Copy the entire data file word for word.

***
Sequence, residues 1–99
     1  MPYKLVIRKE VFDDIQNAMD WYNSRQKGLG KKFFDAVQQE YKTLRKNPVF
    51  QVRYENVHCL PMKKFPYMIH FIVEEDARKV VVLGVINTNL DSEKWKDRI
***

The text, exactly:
Sequence, residues 1–99
     1  MPYKLVIRKE VFDDIQNAMD WYNSRQKGLG KKFFDAVQQE YKTLRKNPVF
    51  QVRYENVHCL PMKKFPYMIH FIVEEDARKV VVLGVINTNL DSEKWKDRI